The Court of Appeal has ruled that a man who knew that he and his daughter were about to become homeless, and who wrote to the council seeking its assistance in obtaining accommodation, had done enough to trigger the council’s obligation to provide him with assistance and advice.
The man was a heavy drinker who had custody of his daughter. When he lost his job, he sold his property to pay his mortgage arrears and moved into rented accommodation. He subsequently fell behind with his rent and was given notice to quit. He wrote to the council, but was not assessed as being in priority need and so he and his daughter moved into a caravan. The council did not inform him when he was a tenant that he could claim housing benefit, nor that he could remain in occupation of the property until evicted.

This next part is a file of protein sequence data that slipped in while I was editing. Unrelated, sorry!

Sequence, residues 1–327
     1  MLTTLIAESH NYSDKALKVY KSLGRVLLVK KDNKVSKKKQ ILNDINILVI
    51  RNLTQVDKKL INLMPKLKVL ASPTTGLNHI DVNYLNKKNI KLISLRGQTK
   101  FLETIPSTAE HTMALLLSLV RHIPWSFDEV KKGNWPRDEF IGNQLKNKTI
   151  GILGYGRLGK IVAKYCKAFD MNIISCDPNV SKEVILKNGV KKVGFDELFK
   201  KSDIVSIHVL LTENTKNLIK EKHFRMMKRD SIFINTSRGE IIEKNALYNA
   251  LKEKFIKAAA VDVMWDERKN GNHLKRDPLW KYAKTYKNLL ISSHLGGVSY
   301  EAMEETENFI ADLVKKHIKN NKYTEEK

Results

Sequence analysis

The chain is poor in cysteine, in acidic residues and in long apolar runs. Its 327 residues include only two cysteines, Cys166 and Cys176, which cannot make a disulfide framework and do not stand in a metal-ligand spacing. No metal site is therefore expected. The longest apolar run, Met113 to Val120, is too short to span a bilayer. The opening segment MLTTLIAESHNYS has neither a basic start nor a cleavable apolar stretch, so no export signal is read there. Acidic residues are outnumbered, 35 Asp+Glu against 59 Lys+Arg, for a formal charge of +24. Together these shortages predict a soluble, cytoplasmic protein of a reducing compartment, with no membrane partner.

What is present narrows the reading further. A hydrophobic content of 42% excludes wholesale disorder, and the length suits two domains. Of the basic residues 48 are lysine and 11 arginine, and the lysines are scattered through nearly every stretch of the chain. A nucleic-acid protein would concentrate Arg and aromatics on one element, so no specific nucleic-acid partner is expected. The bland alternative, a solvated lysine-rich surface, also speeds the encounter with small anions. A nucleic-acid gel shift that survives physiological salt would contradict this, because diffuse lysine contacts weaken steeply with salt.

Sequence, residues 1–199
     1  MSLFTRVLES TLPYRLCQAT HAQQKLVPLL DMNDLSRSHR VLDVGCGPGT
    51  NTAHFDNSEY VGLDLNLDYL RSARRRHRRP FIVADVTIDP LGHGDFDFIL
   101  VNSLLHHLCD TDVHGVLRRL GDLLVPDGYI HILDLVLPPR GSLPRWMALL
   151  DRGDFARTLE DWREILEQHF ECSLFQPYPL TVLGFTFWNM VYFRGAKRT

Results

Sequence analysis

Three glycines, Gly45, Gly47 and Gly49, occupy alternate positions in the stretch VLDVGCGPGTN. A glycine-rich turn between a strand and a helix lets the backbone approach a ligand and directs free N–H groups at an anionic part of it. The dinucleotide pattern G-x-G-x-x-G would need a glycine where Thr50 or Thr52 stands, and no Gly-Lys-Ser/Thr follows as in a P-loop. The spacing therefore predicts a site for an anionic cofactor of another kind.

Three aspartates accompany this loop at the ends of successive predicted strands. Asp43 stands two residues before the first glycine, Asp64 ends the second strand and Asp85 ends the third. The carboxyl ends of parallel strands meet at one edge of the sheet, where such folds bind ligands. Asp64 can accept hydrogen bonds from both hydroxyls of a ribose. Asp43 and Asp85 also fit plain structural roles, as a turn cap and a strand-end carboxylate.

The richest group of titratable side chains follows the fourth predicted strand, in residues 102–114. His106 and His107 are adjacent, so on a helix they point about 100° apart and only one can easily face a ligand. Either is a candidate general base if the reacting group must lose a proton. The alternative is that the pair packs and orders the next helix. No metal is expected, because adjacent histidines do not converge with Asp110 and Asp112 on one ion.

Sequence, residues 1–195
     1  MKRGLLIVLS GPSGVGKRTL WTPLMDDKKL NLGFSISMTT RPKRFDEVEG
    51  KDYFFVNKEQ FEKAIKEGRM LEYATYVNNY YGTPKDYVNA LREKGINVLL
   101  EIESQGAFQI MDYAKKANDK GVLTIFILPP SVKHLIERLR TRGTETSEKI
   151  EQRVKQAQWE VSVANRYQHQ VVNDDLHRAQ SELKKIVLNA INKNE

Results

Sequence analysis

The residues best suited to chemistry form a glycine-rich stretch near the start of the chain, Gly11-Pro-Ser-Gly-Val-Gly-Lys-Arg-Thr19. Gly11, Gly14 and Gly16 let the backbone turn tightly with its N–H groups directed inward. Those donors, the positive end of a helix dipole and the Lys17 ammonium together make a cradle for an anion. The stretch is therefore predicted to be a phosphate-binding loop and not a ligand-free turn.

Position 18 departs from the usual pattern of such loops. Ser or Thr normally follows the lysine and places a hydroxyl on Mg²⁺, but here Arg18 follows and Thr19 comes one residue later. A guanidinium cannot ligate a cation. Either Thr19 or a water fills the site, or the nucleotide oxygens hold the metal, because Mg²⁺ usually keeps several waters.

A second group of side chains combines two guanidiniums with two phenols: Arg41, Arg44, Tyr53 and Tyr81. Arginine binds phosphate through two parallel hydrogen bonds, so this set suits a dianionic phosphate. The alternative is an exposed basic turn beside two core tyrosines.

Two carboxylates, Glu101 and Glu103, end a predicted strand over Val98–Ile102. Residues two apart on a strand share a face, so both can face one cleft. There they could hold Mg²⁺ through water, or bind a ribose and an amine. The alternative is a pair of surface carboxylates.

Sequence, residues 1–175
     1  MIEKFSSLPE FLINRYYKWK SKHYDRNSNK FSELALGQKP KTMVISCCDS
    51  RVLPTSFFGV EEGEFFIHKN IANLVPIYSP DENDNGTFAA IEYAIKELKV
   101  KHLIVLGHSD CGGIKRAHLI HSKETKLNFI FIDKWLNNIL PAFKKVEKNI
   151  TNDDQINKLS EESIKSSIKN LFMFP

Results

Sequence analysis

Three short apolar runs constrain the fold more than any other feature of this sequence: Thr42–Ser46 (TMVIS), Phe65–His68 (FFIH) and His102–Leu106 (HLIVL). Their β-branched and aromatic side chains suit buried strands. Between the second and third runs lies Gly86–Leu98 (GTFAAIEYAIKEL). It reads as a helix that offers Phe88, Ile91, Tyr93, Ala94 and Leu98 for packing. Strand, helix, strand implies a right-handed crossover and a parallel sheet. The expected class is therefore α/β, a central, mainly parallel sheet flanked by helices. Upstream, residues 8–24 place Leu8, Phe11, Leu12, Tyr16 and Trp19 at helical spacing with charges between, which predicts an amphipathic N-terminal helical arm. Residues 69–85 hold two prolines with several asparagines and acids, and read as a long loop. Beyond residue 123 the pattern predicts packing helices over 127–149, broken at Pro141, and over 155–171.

He was later given temporary accommodation, but the council decided for various reasons that he was intentionally homeless. It did not allow a meeting to enable him to put his side of the issue.
The man’s claim that the council had erred in not providing him with advice, following his application for housing as a homeless person, was upheld by the court. The council appealed.
The Court of Appeal rejected the appeal, ruling that the council had not met its obligations to the man under the Housing Act 1996. The issue was referred back to the council to reconsider.